Who Will Pick Up The Economic Slack?
Just a few days ago, the Commerce Department released figures on new business formation, and they are strikingly upbeat. They say a lot about how this pandemic has played out economically and suggest that a powerful recovery lies ahead but one filled with tremendous business and labor turnover.
The statistical release indicates that in last year’s fourth quarter some 1,115,984 new businesses of all sizes formed in the United States. Of these, some 373,740 are likely to hire new employees, what the department refers to as “high-propensity” startups. These fourth quarter figures were down sharply from the third quarter, 28.5% for total new businesses and 30.5% for the high-propensity sort. This all seems reasonable. The summer quarter enjoyed a partial economic re-opening, while the last quarter saw renewed lockdowns and quarantines. What is impressive is that even the reduced fourth quarter activity was some 30% above 2020’s first quarter, which was largely free of the pandemic’s economic effects. Still more telling, those fourth quarter figures were about the same amount above levels of business formation in 2018 and 2019. If this were not compelling enough evidence that business generally is gearing up to come back from the pandemic strictures, preliminary figures for January show that new business formation in that month alone amounted to 492,133, up 42.6% from December, and high-propensity business formation came to 164,691, up 41.2% from December.
This pattern should engender optimism about the economy as it emerges the constraints on business activity the authorities have imposed in response to the pandemic. The higher-than-average level of business formation says clearly that business is eager to fill the gap left by the unavoidable bankruptcies and closures created by the economic strictures. Because of the vagaries of bankruptcy law, many of those forming news businesses are likely the same people whose businesses failed during the lockdowns and quarantines. They are leaving their creditors holding the bag, so to speak, while they start up fresh with new capital. Others behind these new startups are new entrepreneurs ready to step in to take over where others have failed. Either way, the message is clear. Plenty are willing, indeed eager to fill the economy’s needs when it re-opens.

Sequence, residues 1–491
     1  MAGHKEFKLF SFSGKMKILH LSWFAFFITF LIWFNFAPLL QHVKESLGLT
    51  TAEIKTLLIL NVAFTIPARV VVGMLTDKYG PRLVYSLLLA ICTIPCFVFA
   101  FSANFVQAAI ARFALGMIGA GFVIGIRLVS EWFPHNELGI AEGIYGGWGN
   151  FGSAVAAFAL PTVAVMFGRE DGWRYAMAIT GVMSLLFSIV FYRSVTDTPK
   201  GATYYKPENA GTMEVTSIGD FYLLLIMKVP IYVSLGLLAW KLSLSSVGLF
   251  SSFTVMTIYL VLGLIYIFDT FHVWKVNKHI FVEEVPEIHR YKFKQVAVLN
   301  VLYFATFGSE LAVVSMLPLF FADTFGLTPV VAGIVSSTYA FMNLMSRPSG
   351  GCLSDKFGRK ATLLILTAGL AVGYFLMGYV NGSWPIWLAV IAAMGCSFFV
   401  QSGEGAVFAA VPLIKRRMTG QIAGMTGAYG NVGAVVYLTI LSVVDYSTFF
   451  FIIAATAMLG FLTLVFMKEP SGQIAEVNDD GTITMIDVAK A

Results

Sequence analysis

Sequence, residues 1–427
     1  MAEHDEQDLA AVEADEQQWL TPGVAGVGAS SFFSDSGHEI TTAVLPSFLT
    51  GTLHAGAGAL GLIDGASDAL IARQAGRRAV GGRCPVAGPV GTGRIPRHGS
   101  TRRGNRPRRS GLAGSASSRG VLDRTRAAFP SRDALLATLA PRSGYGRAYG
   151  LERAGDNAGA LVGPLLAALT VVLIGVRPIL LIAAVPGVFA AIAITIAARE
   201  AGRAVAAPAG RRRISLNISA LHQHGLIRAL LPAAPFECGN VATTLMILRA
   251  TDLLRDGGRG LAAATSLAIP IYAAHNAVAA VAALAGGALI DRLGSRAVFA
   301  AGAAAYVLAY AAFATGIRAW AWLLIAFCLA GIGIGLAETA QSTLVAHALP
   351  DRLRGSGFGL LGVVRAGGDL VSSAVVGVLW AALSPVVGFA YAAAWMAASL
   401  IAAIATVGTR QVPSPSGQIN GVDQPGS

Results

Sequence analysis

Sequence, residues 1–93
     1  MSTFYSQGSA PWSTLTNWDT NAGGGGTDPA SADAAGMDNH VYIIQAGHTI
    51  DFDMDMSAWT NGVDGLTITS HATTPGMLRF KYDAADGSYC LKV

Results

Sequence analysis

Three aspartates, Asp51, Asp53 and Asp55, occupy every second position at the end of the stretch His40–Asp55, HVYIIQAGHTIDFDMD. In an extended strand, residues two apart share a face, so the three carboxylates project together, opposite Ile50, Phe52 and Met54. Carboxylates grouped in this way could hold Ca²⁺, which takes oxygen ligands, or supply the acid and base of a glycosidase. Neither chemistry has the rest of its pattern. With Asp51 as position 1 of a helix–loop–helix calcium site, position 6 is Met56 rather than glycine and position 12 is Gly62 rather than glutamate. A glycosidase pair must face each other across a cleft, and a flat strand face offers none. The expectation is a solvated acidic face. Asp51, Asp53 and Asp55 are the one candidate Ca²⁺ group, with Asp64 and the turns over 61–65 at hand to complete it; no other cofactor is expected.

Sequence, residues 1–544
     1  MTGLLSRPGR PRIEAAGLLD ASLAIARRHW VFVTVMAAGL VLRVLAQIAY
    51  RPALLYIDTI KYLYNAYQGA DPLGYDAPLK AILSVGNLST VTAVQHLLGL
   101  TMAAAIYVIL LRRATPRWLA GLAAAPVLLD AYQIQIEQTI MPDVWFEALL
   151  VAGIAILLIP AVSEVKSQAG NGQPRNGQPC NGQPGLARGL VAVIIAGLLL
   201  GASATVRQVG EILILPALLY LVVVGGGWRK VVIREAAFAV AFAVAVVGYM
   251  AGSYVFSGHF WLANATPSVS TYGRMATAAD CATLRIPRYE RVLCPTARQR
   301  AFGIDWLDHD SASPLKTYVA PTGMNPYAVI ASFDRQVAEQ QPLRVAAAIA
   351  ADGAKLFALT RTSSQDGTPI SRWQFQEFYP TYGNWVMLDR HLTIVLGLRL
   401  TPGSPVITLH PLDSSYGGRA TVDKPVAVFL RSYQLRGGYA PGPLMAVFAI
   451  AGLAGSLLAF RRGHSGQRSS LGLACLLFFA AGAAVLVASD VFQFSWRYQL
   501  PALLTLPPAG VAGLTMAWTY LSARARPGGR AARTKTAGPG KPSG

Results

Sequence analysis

This unfolding pattern finds confirmation in the mix of employment numbers. On the surface, labor statistics appear to contradict each other. On the one hand, initial claims for unemployment insurance remain elevated, not as high as in April, to be sure, but much higher than historical averages. This news says that large numbers of people were losing their jobs. On the other hand, the Labor Department reported strong net employment growth between June and November, enough to recover more than half the jobs lost during the severe lockdowns of April and May. The business turnover just described makes sense of this seemingly contrary behavior. As old firms have gone out of business or downsized, they have laid off people who have naturally gone on to claim unemployment insurance. As new firms have formed, they have hired people, sometimes the same people who were laid off, especially if they are in part the same people who managed the failed concern. Though these workers then drop off the unemployment rolls, their original claim remains in the statistics. This kind of churning in business formation as well as hiring and firing keeps both net job creation and indicators of layoffs simultaneously higher than in more normal times.
The economy will no doubt suffer many imbalances as a legacy of this pandemic and the steps the authorities have taken to contain it. Many creditors, for instance, will face defaults even as they lend to other, newer firms coming on stream to take the place of those that failed. The pressures may ultimately cause many creditors to default themselves. Once the re-opening surge runs its course, some of these legacy debt problems may well impose financial imbalances on the economy that will cause trouble, perhaps even a recession. But for the time being, these reports indicate that the failed businesses are seeing rapid replacements so that the nation’s Main Streets as well as the avenues of its great cities may quickly free themselves from the empty store fronts and boarded up windows that have multiplied while the quarantines and lockdowns have remained in place.